In that case, the “not proven” term is technically an aquittal, but one that suggests the court believes the accused is probably guilty of the crime on the basis of the available evidence – just that the court cannot conclusively prove beyond reasonable doubt that the accused is guilty.

            The way that the FIA has described the situation around Ferrari suggests that they are applying a verdict that is more along the lines of “not proven” than “not guilty” i.e. that the overall balance of evidence points towards Ferrari having broken the regulations, but that it is not possible for them to prove beyond all reasonable doubt that they have done so.

        3. @philipgb if it was that “clearly” why wasn’t FIA able to find any illegality and it was Ferrari that agreed to sign the agreement? I don’t understand that logic. Or is it that only Mercedes is good and truthful and the others are always crooked? The only mistake Ferrari did was to sign anything. They should have owned the tech they developed and if the FIA was unhappy with it, then they should have taken Ferrari to court.

          1. @nunof

            If there was no illegality why was there a confidential settlement needed and why can’t Ferrari still run with the same power levels they used to have?

      2. Except they got caught out by “clarifications” and their engine power is so abysmal now they have a snowball’s chance in hell of competing legitimately for podiums as of right now.

        Now if they had just come off of a WDC or WCC, then yes, that might’ve been worth it, but they didn’t even make it to the top 3 last year in the former and there’s an argument to be made that had RBR found a better 2nd driver for the season, they’d not have that 2nd place in the WCC either.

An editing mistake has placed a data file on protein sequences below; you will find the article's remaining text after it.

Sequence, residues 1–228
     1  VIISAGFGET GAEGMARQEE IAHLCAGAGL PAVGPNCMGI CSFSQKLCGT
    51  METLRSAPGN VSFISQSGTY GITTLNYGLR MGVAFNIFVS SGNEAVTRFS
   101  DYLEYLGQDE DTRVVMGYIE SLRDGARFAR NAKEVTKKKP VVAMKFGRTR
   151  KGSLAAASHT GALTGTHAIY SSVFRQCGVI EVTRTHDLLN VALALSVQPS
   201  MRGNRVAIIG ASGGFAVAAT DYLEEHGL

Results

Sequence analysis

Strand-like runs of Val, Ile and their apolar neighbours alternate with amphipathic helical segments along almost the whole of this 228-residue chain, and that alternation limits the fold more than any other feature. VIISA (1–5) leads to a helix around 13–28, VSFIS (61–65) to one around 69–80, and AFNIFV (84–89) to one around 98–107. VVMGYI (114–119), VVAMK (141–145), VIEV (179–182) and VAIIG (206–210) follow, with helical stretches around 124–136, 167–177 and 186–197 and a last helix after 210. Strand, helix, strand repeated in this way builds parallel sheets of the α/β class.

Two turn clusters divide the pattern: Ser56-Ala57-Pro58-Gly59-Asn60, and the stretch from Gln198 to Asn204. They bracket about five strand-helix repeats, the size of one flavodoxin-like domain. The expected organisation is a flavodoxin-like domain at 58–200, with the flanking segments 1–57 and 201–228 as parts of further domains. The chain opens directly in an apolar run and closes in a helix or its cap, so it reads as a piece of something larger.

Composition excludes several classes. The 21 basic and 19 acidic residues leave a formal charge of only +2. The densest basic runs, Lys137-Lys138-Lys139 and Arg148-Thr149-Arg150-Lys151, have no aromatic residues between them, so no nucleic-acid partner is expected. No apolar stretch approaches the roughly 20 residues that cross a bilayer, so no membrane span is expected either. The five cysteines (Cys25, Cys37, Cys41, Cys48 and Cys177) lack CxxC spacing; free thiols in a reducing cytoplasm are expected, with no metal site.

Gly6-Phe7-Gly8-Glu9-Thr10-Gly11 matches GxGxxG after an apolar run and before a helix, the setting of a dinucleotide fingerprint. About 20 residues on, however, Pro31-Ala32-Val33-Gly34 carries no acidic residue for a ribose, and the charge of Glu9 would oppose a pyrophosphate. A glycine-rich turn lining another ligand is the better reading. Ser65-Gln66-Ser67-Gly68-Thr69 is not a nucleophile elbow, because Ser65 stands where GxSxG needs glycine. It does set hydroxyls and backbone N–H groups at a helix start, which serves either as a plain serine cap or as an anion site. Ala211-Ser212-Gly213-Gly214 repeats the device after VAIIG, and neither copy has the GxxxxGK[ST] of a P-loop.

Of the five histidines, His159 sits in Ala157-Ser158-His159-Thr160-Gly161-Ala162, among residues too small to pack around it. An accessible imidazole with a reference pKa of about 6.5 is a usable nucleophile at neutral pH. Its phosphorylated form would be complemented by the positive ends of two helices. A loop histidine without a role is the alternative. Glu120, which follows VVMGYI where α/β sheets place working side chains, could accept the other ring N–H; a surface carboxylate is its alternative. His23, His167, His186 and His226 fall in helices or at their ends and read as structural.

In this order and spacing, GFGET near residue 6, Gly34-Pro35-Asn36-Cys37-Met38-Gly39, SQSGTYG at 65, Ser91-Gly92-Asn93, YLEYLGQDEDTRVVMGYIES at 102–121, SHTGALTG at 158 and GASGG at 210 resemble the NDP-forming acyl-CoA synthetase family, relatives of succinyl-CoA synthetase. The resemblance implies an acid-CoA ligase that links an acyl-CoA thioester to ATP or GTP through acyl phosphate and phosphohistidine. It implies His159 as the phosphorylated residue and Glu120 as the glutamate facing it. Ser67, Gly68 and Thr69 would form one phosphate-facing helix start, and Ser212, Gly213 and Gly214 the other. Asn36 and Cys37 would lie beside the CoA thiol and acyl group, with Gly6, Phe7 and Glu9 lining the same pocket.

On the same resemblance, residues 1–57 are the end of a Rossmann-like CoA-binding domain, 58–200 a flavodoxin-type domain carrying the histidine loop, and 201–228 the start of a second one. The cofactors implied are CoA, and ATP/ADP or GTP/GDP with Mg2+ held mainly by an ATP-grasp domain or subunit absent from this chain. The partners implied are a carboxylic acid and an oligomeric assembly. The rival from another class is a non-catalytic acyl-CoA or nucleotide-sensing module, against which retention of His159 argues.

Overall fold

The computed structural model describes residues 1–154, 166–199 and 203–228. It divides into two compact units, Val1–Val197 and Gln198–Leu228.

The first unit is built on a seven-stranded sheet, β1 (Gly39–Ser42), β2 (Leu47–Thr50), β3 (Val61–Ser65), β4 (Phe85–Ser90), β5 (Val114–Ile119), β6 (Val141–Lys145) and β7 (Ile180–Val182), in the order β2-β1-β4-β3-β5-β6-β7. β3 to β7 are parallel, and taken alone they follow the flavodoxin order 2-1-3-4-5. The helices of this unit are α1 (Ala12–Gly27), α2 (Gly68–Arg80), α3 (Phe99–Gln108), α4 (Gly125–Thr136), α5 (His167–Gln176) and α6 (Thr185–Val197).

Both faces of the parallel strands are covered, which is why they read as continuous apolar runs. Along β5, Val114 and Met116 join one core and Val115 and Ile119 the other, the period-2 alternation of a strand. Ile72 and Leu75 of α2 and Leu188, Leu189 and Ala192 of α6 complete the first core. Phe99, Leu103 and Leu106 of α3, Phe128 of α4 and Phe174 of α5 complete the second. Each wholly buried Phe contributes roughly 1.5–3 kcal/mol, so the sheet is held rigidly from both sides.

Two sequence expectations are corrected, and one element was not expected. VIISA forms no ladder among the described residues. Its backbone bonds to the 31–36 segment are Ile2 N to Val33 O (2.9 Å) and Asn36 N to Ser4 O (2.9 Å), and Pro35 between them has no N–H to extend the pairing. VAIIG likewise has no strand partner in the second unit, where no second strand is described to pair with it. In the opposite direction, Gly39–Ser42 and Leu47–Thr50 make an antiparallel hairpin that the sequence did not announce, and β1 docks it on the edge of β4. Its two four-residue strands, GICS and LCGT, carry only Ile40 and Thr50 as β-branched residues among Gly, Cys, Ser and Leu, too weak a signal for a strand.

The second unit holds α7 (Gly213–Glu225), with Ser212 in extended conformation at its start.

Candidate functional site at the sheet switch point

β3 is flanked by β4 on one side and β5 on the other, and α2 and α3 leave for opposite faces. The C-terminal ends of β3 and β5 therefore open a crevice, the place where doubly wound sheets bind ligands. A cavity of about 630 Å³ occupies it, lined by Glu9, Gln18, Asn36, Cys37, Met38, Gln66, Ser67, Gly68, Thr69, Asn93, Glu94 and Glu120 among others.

Now they’ve been cheating longer than that, of course, all with no significant end results (HAM wrapped up most of his titles well before season’s end). Had they actually invested into properly improving their engine (as Honda has, and even Renault has) into a proper contender, perhaps they could’ve been closer to Merc now and Binotto wouldn’t be begging to keep his job.

      3. If the reports are true, then Ferrari’s engine was no more “illegal” than the Red Bull flexing wings of 2011– they had been designed, not meet the intent of the rules, but rather, to conform to the measuring system that was in place to make sure you weren’t violating the rules.

        You might as well say that VW didn’t build cars with “illegal” emissions because the testing algorithms said they were legit, while ignoring the fact that the VW engines were designed to cheat the testing algorithms.

        Unfortunately, we won’t know what Ferrari did until (and if) someone writes a book.

    2. I think Binotto should carry the full blame on the engine debacle. Keep in mind he was CTO before his current position. Ferrari developed that engine under his eyes.